It’s the end of the week. Let’s take a mini deep dive into some of the reports this week regarding the economy. For some reason, I find this stuff interesting. Economic forecasting is one of those under-valued fields. Nevertheless, it’s important. Let’s dive in:
The Federal Reserve released the Q4 2021 Flow of Funds report today: Financial Accounts of the United States. To note, economists are still trying to nail down how much money was drained during the pandemic. Savings were obviously unbelievably high during Covid, at a 30% average. Most likely the inherent fear of not knowing how long it would last, is what drove people to save more than 3x the usual average. The savings rate is back around 7%. The economy is going to slow this year as assistance from the pandemic starts to fade. The question is, how much will we see it pullback? And will the inflation rate bring us close to official recession levels?
Economists at Goldman Sachs Group Inc. cautioned that the likelihood of a U.S. recession in the coming year might be as high as 35%, as they lowered their growth predictions owing to the impact of high oil prices and other consequences from the Ukraine conflict.
Here are some of the stats for this week’s economic recap:
The net worth of households and nonprofits rose to $150.3 trillion during the fourth quarter of 2021. The value of directly and indirectly held corporate equities increased $2.5 trillion and the value of real estate increased $1.5 trillion.
Household debt increased 8 percent at an annual rate in the fourth quarter of 2021. Consumer credit grew at an annual rate of 6.9 percent, while mortgage debt (excluding charge-offs) grew at an annual rate of 8 percent.
With the sharp decline in GDP in Q2 2020, net worth as a percent of GDP increased sharply and then declined somewhat. But now net worth as a percent of GDP is at a new all-time high. This includes real estate and financial assets (stocks, bonds, pension reserves, deposits, etc) net of liabilities (mostly mortgages). Note that this does NOT include public debt obligations.
In Q4 2021, household percent equity (of household real estate) was at 69.2% – up from 68.8% in Q3 This is the highest percent equity since the 1980s.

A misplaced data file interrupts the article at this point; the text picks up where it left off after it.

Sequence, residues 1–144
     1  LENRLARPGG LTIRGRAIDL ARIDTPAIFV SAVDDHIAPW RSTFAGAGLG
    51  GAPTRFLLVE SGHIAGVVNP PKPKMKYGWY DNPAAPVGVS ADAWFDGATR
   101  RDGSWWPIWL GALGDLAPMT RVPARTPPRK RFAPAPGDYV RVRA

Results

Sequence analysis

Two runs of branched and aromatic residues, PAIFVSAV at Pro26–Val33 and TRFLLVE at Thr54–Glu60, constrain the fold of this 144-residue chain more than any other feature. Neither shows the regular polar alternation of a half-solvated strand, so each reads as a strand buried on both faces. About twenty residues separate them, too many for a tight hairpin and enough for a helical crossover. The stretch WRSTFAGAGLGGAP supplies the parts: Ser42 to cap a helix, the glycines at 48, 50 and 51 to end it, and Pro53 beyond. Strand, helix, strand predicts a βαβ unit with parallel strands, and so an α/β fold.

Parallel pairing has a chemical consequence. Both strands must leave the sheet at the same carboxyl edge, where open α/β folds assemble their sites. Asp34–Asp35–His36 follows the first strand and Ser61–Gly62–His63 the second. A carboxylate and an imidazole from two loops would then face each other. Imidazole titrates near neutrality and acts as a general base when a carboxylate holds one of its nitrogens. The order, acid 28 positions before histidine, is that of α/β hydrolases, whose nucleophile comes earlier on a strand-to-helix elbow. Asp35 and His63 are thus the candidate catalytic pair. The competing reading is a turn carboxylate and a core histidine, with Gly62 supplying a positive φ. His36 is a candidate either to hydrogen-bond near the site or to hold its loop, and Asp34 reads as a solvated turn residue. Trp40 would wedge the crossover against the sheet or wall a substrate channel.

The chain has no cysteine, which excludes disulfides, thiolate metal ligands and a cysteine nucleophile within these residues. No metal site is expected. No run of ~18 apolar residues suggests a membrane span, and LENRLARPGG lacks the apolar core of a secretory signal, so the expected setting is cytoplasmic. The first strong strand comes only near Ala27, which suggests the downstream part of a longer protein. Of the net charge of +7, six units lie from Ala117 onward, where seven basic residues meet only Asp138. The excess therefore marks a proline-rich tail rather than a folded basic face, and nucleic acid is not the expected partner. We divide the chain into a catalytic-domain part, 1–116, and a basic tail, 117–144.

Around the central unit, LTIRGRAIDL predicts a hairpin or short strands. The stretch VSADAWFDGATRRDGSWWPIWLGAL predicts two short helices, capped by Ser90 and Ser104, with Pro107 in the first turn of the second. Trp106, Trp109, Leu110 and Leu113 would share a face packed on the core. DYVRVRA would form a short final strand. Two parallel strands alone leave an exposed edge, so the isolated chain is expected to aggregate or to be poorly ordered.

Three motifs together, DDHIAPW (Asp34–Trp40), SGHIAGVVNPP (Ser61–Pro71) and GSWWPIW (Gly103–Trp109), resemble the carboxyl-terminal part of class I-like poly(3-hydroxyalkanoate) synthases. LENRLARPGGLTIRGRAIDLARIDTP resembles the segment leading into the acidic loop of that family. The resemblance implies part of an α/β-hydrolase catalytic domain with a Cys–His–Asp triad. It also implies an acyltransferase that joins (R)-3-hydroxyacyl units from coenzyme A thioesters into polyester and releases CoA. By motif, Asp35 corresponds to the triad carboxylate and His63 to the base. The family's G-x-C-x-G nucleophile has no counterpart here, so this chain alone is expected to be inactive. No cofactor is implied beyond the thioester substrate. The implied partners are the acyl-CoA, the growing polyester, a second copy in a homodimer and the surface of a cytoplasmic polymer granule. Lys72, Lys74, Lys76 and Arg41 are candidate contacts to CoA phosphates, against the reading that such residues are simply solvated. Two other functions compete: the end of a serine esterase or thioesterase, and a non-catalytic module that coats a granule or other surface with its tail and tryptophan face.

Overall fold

Note: about 30.3% of owner-occupied households had no mortgage debt as of April 2010. So, the approximately 50+ million households with mortgages have less than 67.7% equity – and about 1.1 million homeowners still have negative equity.
The value of real estate, as a percent of GDP, increased in Q4, and is well above the average of the last 30 years.
The DOL reported:
“In the week ending March 5, the advance figure for seasonally adjusted initial claims was 227,000, an increase of 11,000 from the previous week’s revised level. The previous week’s level was revised up by 1,000 from 215,000 to 216,000. The 4-week moving average was 231,250, an increase of 500 from the previous week’s revised average. The previous week’s average was revised up by 250 from 230,500 to 230,750.”
The graph below shows the relative initial weekly unemployment claims. In the blue are times of recession. The red is initial claims, and the dashed line on the graph is the current 4-week average.
Weekly numbers were higher than the consensus forecast with average unemployment claims increasing to 231,250.
Here are large institutional thoughts on forecasts for Q1:
This week’s trade and inventory data along with some adjustments to assumptions left our 1Q GDP tracking estimate unchanged at 1.0% quarter-over-quarter seasonally adjusted annual rate. [March 11 estimate]
The GDPNow model estimate for real GDP growth (seasonally adjusted annual rate) in the first quarter of 2022 is 0.5 percent on March 8, up from 0.0 percent on March 1. [March 8 estimate]
The Economy: A Peek
According to National Retail Federation Chief Economist Jack Kleinhenz, inflation is at a 40-year high, but it isn’t affecting all customers as severely as the headline numbers suggest. Consumer concerns about rising costs, however, may become self-fulfilling if employees want higher salaries to compensate, and will play a part in the Federal Reserve’s efforts to limit inflation.
Kleinhenz explained: “After decades of relatively low levels, inflation is on everyone’s mind and has been making consumers and businesses miserable as prices have picked up dramatically over the past year…However you measure it, inflation has become a powerful force and plays a key role in the nation’s economic outlook.” He concluded: “Headline inflation numbers may mask what is being faced by different consumers since spending patterns vary widely and lead to significantly different inflation experiences. What a person buys can have a tremendous effect on how severely the pain of inflation is felt.”
According to the Federal Reserve Bank of New York’s latest Survey of Consumer Expectations, consumers expect inflation to rise 5.8% next year, somewhat less than in 2021 but still significantly above pre-pandemic levels seen during the Trump Admin.
However, the high rates are not likely to last for long, with consumers expecting a relatively regular 3.5 percent over the next three years, according to the survey.